Mesothelioma is a type of cancer that occurs in people who were continuously exposed to asbestos. It is rare but also aggressive and develops in the mesothelial cells that constitute the lining of some organs. Asbestos was used in industries like construction, shipbuilding and manufacturing, but it is now known to be toxic. Asbestos fibers can be released into the air and inhaled or swallowed by people. The human body cannot properly expel them and the fibers stay trapped in the mesothelium, causing the formation of tumors.
When mesothelioma develops in the lungs, it is known as pleural mesothelioma and it accounts for about 70% of all cases. However, there are three other forms, which are peritoneal, pericardial and testicular mesothelioma. There is currently no cure for mesothelioma, but there are treatments meant to increase survival and ease the symptoms, which include chest pain, shortness of breath, reduced chest expansion, faint or harsh breathing sounds, dry cough or wheezing, pleural effusions, coughing up blood, body aches and blood clotting disorders, in the case of pleural mesothelioma.
Pleurodesis Surgical Procedure
Pleurodesis is among the surgical options for the treatment of patients with pleural effusions, which is a common symptom of mesothelioma. Pleural effusions consist on a buildup of fluid in the pleural space of the lungs and it causes numerous other problems, such as shortness of breath and chest pain. During a pleurodesis, physicians drain the fluid and stick the two layers of the pleura together to prevent the fluid from accumulating again.
The surgery starts with the draining of the fluid, keeping the pleural space free of fluid. After that, there are two options that can be used with the same purpose of producing inflammation on the pleural lining. Chemical pleurodesis consist on the insertion of asbestos-free talc through the chest tube in order for the pleural space to seal with scar tissue, while mechanical pleurodesis consist on irritating the pleura with a rough pad, gauze or a mechanical rotary brush and it involves a more invasive surgery. “Before the procedure, patients will usually be medicated with a narcotic for pain and a benzodiazepine (such as Xanax) for comfort. Because of cheap cost and ease of the procedure, a chemical pleurodesis with talc is the most common pleurodesis method,” adds the center.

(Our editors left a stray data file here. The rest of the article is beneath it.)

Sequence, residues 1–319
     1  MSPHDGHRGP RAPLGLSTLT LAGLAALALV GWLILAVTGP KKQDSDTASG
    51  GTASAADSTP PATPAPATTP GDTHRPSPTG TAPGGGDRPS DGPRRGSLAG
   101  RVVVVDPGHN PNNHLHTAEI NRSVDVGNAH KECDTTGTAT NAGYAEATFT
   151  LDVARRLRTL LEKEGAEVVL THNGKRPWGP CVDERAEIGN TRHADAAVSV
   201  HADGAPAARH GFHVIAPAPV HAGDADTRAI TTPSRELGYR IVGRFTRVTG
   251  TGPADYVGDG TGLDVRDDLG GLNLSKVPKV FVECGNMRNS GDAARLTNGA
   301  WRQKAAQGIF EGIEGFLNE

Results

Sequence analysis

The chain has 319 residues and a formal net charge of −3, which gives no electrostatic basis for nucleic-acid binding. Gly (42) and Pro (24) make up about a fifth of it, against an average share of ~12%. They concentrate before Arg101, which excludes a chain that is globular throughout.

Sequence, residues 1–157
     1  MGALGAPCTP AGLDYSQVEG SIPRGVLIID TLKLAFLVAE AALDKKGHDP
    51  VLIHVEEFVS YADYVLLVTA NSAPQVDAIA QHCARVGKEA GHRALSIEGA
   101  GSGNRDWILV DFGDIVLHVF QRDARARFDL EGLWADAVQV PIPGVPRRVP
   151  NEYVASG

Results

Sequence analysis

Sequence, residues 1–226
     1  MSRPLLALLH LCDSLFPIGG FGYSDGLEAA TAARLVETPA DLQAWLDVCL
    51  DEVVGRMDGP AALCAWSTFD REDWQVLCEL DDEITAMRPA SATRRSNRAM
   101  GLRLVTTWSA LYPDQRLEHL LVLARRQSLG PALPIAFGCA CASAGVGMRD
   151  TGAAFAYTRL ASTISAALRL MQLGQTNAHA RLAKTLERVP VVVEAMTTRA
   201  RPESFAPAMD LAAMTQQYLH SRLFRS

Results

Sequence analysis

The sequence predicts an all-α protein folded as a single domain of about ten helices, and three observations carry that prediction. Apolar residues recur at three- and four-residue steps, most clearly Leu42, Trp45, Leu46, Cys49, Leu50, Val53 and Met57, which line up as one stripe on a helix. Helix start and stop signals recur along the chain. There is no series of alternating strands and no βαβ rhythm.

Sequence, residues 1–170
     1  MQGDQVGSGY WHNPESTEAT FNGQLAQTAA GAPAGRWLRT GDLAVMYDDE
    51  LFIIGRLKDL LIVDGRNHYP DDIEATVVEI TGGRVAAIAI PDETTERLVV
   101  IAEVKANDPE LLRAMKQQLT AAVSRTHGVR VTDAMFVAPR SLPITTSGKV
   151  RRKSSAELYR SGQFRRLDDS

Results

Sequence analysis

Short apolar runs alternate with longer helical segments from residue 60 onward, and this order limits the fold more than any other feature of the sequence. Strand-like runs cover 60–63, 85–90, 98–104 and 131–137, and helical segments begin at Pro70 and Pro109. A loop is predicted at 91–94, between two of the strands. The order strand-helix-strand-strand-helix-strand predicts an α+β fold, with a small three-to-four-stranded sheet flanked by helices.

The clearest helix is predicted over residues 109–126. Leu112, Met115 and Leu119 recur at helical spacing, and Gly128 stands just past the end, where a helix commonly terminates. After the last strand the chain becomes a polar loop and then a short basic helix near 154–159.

Benefits and Risks of Pleurodesis
One of the advantages of a pleurodesis is the short recovery, while patients often experience improvements in their breathing capacities after the procedure. Shortness of breath, cough, fever and pain are common symptoms that are reduced due to pleurodesis. While there is not much research on the procedure, trials conducted with patients who suffered from malignant pleural effusions related to mesothelioma revealed a success rare between 90 and 93%. However, like in any other surgical procedure, there are risks and the possibility of side effects.
The most common adverse effects of a pleurodesis are chest pain and fever, while there are also reports of a tight or burning feeling around the lungs. These side effects are often temporary and eased with resource to medication. Given the characteristics of a pleurodesis, which causes an intentional inflammatory response in the pleura, fever normally occurs four to 12 hours following the procedure, and there is also the possibility of infection. There is also a very low risk of developing mesothelioma tumors in the insertion site of the chest tube, a problem known as seeding, but it can be addressed with radiation therapy following the pleurodesis. Cardiovascular complications and Adult Respiratory Distress Syndrome (ARDS) may also occur, but are particularly rare as well.